ACORN PRODUCTION UP ACROSS OHIO
Acorns are a critical winter food source for more than 90 forest wildlife species
COLUMBUS, OH - Ohio’s fall crop of acorns is very good this year and will again provide a vital food source for more than 90 forest wildlife species. Statewide, white oak acorn production is up 10 percent, while red oak acorn production is up 2 percent over 2006 figures, according to the Ohio Department of Natural Resources (ODNR) Division of Wildlife.
“A significant acorn crop leads to healthy wildlife populations, as acorns are high in fat and are critical food resources for many animals during the winter,” said Suzie Prange, forest wildlife biologist with the division.
The Division of Wildlife is currently participating in a multi-state, on-going research project to estimate regional acorn production throughout the Northeast and Mid-Atlantic states. Wildlife biologists hope to use the acorn production information gathered in the study to forecast wildlife harvest and reproductive success rates on both a local and regional basis.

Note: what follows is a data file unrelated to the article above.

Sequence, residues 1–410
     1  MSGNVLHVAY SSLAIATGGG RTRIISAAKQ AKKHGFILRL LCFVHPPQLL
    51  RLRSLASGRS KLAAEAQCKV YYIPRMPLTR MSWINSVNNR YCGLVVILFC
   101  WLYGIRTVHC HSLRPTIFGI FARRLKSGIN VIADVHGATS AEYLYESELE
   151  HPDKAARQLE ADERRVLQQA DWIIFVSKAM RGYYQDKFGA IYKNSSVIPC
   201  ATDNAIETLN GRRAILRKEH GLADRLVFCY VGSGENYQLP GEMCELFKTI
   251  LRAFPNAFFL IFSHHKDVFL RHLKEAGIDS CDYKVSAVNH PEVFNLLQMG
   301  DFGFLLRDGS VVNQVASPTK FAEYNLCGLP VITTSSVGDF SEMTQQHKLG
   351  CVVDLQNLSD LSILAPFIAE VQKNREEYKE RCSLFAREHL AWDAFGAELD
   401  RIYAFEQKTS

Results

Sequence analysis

Acorn production is cyclical, with some trees producing acorns nearly every year, while others rarely ever produce. This year, Division of Wildlife employees scanned the canopies of selected oak trees on 38 wildlife areas in the state to determine the percentage of trees that produced acorns and the relative size of the acorn crop. Results varied regionally, but an average of 43 percent of white oak trees and 68 percent of red oak trees bore fruit this year. Acorn production was highest in the southern portion of the state, especially among red oak trees. Wildlife prefer white oak acorns, because red oak acorns contain a high amount of tannin and are bitter in taste.
Mast crop abundance can affect hunting plans as well. Hunters can expect to find deer, wild turkeys and squirrels feeding on the abundant acorns of red oaks this fall. An abundant food source can also make hunting more difficult because deer and turkeys will be spread out and less concentrated around farm fields.
For Further Information Contact:
Suzie Prange, ODNR Division of Wildlife
Mike Reynolds, ODNR Division of Wildlife